How Does Sugar Affect Your Teeth?
The first thing you hear as a kid in regards to your dental health is: “sugar is bad for your teeth”. Your parents and dentist tell you not to eat any candy or bubble gum to avoid cavities growing on your teeth. But have you ever stopped to think about how does sugar really affect your teeth? How does it help cavities to grow on your teeth?
Well, keep reading to know all you need to know about how sugar affects your dental health and why dentists are so insistent for patients to lower their consumption.
Effects of Sugar on Your Mouth and Teeth
It is important for us to first know how your mouth’s environment works in order to better understand how to keep your dental health on point. First of all, we all know our mouth holds a lot of bacteria. But not all bacteria in your mouth are bad bacteria. Your mouth is constantly battling between good and bad bacteria.
When you ingest sugary food, your bad bacteria will look to digest it. And in this process, bad bacteria will increase your mouth’s acidity.
When bacteria feed on sugar, it starts producing acids that affect your dental health and can damage your teeth by removing essential minerals from your teeth's enamel. The enamel is a shell that protects the weaker tissues of your teeth and it also makes them look shiny. If you damage this tissue, the inner part of your tooth (which is the most fragile one) will have no protection whatsoever.
Saliva is great at helping your enamel to regenerate whenever there’s some minor damage. But if you continue to ingest big portions of sugary foods or beverages, the effect of saliva may not be enough to keep your teeth healthy. Constant acid attacks will make your teeth weaker and weaker.
A cavity is formed when your enamel is damaged and a hole appears on your tooth. Cavities can appear when your mouth acidity is too high and your enamel weakens, providing no protection to your tooth.
So, to sum it up, sugar gives bad bacteria what they need to attack you by increasing your mouth’s acidity levels and lastly damaging your enamel. A weak enamel will most likely result in a cavity (dentists’ worst enemy!)
Effects of Sugar on Your Gums
Your mouth and teeth are not the only ones affected by sugar. The increase in your mouth’s acidity will also damage your gums. While this does not necessarily mean you will get a cavity, there are other dental diseases that can affect your dental health if you don’t take care of your gums.
Gingivitis and periodontitis (also known as gum disease) can both appear due to a high intake of sugars. Bad bacteria and high levels of acidity in your mouth will also damage your gums, which are the support of your teeth.
If your gums are damaged, this can result in the destruction of your teeth’s protective tissue, which holds them together.
Which Sugary Foods and Drinks to Avoid?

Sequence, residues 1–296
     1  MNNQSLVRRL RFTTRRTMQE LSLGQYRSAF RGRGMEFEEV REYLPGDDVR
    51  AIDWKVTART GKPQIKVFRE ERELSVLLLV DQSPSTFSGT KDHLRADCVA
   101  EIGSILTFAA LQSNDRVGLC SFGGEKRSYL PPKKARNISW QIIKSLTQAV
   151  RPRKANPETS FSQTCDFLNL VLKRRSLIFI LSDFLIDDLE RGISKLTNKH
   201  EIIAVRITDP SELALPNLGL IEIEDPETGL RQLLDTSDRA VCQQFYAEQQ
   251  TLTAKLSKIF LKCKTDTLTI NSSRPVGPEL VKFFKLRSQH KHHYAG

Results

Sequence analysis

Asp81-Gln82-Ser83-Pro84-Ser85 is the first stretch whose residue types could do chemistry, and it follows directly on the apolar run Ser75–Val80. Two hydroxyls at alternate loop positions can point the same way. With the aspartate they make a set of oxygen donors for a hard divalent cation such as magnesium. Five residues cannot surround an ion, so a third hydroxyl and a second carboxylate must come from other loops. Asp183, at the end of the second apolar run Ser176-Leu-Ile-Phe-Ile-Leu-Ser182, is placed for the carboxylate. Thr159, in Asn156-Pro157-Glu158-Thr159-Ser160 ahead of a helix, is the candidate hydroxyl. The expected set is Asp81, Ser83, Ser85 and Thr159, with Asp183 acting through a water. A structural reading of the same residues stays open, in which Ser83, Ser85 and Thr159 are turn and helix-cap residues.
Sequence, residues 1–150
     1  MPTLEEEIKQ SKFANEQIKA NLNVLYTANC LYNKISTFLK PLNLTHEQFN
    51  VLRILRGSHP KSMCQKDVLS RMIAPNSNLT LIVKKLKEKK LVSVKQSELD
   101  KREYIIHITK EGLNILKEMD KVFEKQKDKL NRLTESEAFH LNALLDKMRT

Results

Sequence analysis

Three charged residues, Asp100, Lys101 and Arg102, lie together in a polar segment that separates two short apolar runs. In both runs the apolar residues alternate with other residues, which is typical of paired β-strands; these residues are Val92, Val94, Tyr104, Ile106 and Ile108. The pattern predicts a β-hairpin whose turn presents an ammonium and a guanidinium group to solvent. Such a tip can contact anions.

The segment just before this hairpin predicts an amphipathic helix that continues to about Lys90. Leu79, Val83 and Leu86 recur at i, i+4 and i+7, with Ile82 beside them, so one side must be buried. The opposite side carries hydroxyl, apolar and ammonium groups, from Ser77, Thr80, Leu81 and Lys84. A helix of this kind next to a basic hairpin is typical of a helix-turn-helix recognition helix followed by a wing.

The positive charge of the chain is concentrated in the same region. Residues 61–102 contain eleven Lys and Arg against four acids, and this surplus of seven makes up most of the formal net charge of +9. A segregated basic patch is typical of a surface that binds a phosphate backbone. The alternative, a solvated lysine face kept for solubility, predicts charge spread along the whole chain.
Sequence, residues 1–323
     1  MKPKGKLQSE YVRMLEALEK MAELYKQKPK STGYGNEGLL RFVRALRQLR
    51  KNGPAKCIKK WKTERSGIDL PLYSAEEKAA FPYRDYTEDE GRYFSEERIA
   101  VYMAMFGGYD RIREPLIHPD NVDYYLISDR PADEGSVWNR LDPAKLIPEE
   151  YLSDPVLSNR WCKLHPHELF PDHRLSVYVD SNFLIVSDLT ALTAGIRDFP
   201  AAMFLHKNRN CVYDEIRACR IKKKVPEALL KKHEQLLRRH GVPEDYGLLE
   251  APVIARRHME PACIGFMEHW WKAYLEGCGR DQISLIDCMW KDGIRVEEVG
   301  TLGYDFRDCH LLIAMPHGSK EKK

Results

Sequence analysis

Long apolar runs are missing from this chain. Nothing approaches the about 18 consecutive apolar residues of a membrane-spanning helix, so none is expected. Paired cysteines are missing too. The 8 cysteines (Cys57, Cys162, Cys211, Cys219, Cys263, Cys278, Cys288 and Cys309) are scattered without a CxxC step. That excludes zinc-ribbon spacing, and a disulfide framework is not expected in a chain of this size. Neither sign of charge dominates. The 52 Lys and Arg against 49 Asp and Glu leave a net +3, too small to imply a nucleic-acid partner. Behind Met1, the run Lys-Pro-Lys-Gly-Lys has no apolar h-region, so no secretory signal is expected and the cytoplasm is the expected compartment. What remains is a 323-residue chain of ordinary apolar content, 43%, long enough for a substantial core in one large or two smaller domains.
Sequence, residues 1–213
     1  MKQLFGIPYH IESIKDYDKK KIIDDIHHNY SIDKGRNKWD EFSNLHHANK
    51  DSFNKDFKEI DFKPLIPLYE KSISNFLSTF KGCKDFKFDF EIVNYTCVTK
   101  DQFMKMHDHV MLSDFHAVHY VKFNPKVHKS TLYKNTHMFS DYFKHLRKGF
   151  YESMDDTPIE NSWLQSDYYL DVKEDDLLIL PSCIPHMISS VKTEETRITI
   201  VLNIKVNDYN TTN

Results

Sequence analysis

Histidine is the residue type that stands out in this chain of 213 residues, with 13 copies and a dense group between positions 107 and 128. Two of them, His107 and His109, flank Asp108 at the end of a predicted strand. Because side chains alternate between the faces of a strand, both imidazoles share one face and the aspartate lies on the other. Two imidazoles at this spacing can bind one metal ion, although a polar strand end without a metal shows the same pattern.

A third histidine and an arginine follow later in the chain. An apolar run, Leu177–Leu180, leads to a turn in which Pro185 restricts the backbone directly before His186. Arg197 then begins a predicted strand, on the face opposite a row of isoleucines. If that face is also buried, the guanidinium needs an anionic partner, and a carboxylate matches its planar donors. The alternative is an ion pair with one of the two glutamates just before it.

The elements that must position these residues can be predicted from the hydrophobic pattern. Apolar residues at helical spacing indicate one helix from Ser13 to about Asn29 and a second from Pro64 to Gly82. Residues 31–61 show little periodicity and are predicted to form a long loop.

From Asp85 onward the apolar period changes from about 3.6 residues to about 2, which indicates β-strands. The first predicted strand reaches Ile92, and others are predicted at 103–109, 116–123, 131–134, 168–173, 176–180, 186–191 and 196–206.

The best way to keep your dental health on point is to lower (or even completely eliminate) the intake of sugary foods and drinks. This way you can decrease the “acid attacks” on your mouth and keep your enamels and gums strong, which will ultimately protect your teeth.
Some of the worst sugary foods for your teeth are now available in a sugar-free presentation. However, if you’re not a big fan of those, here is a list of sugary foods and drinks you should avoid:
Candies that stick to your teeth: these will stick around longer and have bad bacteria increase your mouth’s acid levels for a longer time. So try to avoid lollipops and caramels by all means if you want to help your mouth with your dental health.
Foods with high levels of starch: starch is basically lots of sugar molecules together (so “sugary foods” are not only sweet foods). The main starchy food you should avoid is potato chips since they can get stuck between your teeth and take longer to wash off from your mouth.
Carbonated drinks: kids (and lots of adults) LOVE sodas. This is actually the main source of sugar consumption among kids since they are loaded with added sugars. Lowering (or better yet, eliminating) the intake of sodas will help with dental health.
Other Forms of Sugar
While refined sugar is the first thing we think about when we talk about “sugary foods”, there are other forms of sugar that may also affect your dental health. And you can even find them on the so-called “healthy snacks”.
Some other types of sugar you should avoid to keep your teeth healthy and yourself away from the dentist's office are honey, maple syrup, molasses, fructose, dextrose, and fruit juice concentrate.
Before buying any “healthy snack”, make sure you read the entire list of ingredients, as sugar may hide in plain sight. Some trending store-bought healthy snacks may contain large amounts of sugars (and you don’t even know about it). The recommendation here is to actually make these at home instead so you know exactly what you’re taking into your mouth.
Some healthy snacks to look out for are: smoothies, some yogurt brands, and energy bars. If you have a sugar-free option, definitely go for that! Trust us, your dental health will appreciate it!
Tips to Protect Your Teeth after Consuming Sugary Foods or Drinks
While it is true that eliminating all types of sugars from your diet would be ideal for your dental health, it is also true that this is a very radical and unrealistic solution. You shouldn’t punish yourself to try to keep your teeth healthy. So here are some tips you can follow to keep your dental health on point while also consuming a moderate amount of sugar.
Book a dental appointment at least every 6 months. This way you can keep track of your cavities, gums, and general dental health.
Brush your teeth 3 times a day, especially after every meal, and floss once a day.
Rinse your mouth after consuming any sugary drinks or foods (this way you will wash off any sugar from your mouth right away).
Avoid smoking by all means.
Avoid drinking excessive alcohol.